Capital Punishment and Reasonable Doubt

Submitted by Bill Lucas on Sat, 01/01/2005 - 12:00

On the issue of capital punishment people often position themselves either firmly for or firmly against it.  Others look at the nature of each crime, the number of offenses, and the history of the defendant as factors used in determining whether the death penalty should be available.  The argument presented here supports the availability of capital punishment as a sentencing option, but expands the breadth of a variable used prior to sentencing in capital crimes.  The variable relates not to the crime or to the defendant, but rather to the process of trying and convicting the defendant.   

When a jury is considering the evidence in a non-capital case, the personal and societal cost of wrongly convicting the defendant is that we are taking away their freedom for a long period of time.  That may amount to the rest of his or her entire life if the mistake is never corrected.  The family and friends, however, are still able to visit him or her and offer hope that the verdict will one day be corrected.  In a capital murder case, however, the personal cost to the defendant of being wrongly sentenced to death is immeasurable, and the societal cost is great. We will have collectively sanctioned the murder of an innocent person.  At the moment the sentence is carried out, we are unable to correct it.  In that situation, we would be collectively committing a crime comparable to the one for which the defendant was being tried.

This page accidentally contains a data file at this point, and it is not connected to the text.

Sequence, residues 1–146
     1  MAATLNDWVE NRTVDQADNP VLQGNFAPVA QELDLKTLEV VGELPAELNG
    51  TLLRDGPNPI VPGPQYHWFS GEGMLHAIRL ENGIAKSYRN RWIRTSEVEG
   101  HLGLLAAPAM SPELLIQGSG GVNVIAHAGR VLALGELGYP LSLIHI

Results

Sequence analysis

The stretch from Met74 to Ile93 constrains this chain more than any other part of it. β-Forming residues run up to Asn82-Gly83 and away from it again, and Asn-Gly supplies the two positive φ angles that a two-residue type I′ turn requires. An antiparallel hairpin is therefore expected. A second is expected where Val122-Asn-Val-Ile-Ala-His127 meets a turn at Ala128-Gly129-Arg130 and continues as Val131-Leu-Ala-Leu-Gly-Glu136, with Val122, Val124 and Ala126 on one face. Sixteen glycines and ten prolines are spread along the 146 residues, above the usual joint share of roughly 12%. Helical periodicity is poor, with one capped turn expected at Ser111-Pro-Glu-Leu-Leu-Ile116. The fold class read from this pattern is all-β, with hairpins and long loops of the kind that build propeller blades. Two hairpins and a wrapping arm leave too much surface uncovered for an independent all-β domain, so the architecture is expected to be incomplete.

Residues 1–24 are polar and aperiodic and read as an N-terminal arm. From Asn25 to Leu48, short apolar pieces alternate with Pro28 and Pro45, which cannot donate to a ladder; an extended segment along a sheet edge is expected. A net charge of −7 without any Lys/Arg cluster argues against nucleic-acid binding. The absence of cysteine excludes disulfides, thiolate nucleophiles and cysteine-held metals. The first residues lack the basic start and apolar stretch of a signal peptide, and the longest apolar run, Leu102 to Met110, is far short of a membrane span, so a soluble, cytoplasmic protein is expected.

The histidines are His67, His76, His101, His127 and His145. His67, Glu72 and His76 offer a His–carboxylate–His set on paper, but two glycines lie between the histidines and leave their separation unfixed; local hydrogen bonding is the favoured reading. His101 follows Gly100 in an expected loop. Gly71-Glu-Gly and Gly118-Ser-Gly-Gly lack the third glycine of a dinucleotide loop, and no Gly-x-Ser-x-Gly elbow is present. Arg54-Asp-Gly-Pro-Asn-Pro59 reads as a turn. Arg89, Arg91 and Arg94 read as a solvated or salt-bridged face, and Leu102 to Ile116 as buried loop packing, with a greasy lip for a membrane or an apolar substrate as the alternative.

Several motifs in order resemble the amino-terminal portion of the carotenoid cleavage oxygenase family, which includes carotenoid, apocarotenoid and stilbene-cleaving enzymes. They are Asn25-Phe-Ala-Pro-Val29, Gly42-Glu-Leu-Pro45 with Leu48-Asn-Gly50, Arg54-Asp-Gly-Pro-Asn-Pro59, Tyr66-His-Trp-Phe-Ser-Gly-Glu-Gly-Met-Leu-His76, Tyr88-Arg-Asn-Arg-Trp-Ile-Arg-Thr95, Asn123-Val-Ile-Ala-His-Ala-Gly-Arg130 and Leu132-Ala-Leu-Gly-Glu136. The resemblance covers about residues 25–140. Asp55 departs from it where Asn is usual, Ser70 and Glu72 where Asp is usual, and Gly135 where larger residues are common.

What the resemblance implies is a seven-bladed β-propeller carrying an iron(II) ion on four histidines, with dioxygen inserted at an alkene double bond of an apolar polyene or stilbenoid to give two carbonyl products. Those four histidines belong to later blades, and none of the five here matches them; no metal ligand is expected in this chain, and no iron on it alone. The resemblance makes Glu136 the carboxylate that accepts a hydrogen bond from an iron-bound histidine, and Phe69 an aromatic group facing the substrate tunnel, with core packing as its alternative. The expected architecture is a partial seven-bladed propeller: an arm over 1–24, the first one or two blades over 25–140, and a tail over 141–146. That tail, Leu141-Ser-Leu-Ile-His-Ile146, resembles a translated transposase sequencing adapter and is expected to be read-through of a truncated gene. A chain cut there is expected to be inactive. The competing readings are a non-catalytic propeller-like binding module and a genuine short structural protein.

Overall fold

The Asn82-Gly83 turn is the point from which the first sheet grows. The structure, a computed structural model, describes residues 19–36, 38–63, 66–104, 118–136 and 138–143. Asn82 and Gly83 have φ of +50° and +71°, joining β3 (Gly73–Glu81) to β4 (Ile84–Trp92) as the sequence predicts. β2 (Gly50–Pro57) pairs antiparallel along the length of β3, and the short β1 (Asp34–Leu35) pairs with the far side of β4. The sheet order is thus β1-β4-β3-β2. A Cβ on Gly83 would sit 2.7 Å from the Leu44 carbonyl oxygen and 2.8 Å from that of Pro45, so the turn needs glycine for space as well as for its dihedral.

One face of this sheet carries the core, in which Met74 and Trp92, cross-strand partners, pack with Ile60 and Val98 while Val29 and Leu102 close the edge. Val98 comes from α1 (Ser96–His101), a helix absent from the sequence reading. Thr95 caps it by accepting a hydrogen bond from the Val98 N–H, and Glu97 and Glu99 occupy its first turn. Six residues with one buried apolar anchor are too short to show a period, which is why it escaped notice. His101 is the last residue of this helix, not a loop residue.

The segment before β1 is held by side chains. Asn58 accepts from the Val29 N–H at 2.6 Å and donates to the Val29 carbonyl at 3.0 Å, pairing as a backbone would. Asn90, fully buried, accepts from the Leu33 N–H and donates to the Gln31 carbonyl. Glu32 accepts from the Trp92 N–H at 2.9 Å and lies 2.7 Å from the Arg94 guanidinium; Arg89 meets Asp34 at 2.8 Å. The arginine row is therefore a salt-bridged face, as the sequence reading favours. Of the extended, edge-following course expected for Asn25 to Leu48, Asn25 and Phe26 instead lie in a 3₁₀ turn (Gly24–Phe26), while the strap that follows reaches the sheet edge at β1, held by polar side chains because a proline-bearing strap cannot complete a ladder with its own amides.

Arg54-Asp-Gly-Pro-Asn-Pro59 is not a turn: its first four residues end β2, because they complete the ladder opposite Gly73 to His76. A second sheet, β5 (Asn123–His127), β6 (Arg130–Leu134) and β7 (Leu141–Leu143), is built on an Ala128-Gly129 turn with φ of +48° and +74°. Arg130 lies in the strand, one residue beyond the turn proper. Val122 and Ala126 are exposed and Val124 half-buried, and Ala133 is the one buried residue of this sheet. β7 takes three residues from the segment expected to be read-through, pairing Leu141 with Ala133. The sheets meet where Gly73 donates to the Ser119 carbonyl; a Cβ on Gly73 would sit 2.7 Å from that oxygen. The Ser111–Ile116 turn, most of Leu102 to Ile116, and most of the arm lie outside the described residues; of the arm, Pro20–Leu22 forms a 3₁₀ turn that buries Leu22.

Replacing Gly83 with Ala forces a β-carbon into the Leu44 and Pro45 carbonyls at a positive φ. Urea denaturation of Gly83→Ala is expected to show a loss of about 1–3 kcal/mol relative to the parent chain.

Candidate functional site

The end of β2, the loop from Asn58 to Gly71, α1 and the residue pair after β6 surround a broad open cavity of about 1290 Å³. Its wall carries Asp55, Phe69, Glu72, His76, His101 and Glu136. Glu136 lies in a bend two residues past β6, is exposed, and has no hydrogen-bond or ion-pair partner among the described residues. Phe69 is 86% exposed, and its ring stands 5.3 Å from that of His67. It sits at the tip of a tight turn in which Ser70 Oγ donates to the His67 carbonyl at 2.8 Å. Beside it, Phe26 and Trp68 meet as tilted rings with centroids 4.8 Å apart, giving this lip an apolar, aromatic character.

The standard of conviction in criminal cases is "beyond reasonable doubt".  But if the defendant is eligible to be put to death for the crime, is "beyond reasonable doubt" strong enough of a standard?  Should there be a higher standard?

If there is currently any recognition in our legal system of the variability of certainty of the guilt of defendants, it is not acknowledged in criminal court cases.  In other words, when defendants are judged as to their guilt of a particular crime, the potential outcomes are polar opposites:  guilty or not guilty (except, of course, those cases in which juries may convict defendants on a lesser crime if evidence was not strong enough for a greater one).  This masks the reality behind the verdict - that some or all of the jurors may not have been 100% sure of the suspect's guilt, but were at least convinced beyond reasonable doubt.  For each juror, that threshold of "beyond reasonable doubt" was based on their own life experiences and training, and was likely different from the each of the other jurors with whom they deliberated.  Still, the sliver of doubt that was judged by each juror to have not reached the level of "reasonable" casts a very slight shadow of uncertainty on guilty verdicts.